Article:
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Thinking Critically About Volleyball Serving Strategy

volleyball-serve-usa-menAt the University of Minnesota, Mike Hebert introduced me to the works of Dr. Paul Arrington. Dr. Arrington is a humble man from Hawaii that has been around volleyball for many years.  He has coached juniors for over 25 years in Hawaii, much of his work has been published by the AVCA, he is quoted in countless books, and he is now an Assistant Coach at Dartmouth University.  He chose Dartmouth because he prefers to live in a small town.

Dr. Arrington spends countless hours studying and researching top programs.  He compiles a wealth of data to come to factual conclusions that often proves or disproves common volleyball theory.  Dr. Mike Hebert believes Dr. Arrington’s work is consistent with the late, great Dr. Jim Coleman, one of the early revolutionary strategists of volleyball.  That’s a lot of volleyball doctors 🙂

I have been fortunate to get a glimpse of Dr. Arrington’s philosophies and his great volleyball mind.  He has been gracious enough to let me reprint some of his work on my little corner of the web.  Please enjoy.

Thinking Critically About Serving Strategy, Part III

In volleyball, accurate serve reception passing is definitely the key to an effective offense.  Coaches spend considerable time developing serving strategies that will counteract the opposing teams serve reception ability and force the serve rpaul-arringtoneceive team out of their offensive game plan.

There are many factors the coach needs to consider in developing an effective serving strategy. A few of these are: the opponent’s serve receive formation, the presence of poor passers in the formation, the presence of a dominant attacker in the formation, how well the opponents pass different types of serves, and perhaps most importantly the skill of the servers or his or her team.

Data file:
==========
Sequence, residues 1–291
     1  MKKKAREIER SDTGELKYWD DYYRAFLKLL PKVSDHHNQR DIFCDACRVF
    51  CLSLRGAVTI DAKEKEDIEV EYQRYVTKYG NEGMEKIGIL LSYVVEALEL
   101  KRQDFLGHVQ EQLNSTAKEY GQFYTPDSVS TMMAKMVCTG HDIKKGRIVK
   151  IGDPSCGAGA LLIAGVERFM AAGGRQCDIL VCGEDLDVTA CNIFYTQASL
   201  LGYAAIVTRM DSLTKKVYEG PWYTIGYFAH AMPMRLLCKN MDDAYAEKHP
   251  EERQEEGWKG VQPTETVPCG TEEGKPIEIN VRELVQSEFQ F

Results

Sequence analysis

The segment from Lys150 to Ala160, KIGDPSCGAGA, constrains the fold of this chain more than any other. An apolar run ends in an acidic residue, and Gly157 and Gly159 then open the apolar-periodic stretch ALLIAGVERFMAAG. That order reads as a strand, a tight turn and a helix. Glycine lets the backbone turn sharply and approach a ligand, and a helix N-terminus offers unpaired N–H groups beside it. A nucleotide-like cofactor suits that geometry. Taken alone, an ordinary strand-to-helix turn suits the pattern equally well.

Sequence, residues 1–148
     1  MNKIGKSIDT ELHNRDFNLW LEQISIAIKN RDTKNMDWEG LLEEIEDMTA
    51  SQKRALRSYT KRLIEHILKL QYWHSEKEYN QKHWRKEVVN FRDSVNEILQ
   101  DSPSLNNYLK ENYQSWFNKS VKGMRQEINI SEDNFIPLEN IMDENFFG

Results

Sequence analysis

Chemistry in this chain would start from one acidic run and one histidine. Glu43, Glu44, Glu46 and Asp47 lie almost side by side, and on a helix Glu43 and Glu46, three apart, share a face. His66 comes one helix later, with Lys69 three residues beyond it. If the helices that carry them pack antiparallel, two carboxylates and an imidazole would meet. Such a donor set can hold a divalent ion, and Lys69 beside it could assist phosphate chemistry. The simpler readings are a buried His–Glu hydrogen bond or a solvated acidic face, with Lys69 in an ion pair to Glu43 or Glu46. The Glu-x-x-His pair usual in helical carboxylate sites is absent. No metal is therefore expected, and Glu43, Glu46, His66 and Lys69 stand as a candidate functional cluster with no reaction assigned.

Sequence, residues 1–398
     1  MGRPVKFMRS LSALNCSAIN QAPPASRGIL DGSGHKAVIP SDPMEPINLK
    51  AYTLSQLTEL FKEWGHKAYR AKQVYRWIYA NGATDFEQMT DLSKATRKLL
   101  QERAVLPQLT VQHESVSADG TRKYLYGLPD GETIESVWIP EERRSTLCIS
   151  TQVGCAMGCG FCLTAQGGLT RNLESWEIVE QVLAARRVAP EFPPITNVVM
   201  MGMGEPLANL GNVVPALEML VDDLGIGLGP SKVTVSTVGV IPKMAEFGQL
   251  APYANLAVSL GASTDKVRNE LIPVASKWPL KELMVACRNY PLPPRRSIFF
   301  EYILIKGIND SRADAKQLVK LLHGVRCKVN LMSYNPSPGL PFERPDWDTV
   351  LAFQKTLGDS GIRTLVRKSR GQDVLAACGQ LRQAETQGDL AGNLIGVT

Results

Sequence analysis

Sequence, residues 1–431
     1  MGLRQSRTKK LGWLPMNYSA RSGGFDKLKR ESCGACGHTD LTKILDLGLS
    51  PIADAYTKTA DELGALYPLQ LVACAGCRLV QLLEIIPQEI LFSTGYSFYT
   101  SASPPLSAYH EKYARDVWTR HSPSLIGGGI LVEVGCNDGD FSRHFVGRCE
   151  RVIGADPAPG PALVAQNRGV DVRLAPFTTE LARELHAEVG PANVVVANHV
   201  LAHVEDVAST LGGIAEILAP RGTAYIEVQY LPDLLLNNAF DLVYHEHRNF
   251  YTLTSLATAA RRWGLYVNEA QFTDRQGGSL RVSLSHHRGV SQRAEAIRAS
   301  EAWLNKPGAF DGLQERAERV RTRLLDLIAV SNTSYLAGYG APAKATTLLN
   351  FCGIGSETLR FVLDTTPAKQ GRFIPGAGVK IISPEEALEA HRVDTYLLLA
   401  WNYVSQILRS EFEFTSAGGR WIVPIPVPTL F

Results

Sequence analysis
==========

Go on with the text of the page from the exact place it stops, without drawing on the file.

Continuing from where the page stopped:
In Parts I and II of this series, the impact of different types of serves, service velocity and serving angles were explored.  In this study, the impact of serves that force the passer to move will be evaluated.  One of the things in this era of jump serving that seems to have been forgotten is the impact of the accurate placement of serves.

Statistics for three hundred and sixteen serve receptions in top 25 NCAA Division I women’s matches were evaluated.  Serve receptions were evaluated on a traditional 3-2-1-0 basis, and on whether the passer had to move one or more steps right, left, forward, or backward to pass, or made a forearm pass or two hand face pass without moving.  Serves that hit the net and ace serves with no real attempt at making a pass were not included in the study.  The different type of serve (floater, jump float, or jump top spin) was not taken into account.

The following results were obtained:

Passer                              Serve Receive Average
Did not move (forearm)              2.65
Did not move (facepass)            2.10
Moved right                              1.57
Moved left                                1.81
Moved forward                          1.79
Moved backward                      1.73

It can readily be seen that simply forcing the passer to move is very effective in forcing serve reception errors.  This will subsequently result in an ineffective serve reception offense and an advantage for the serving team.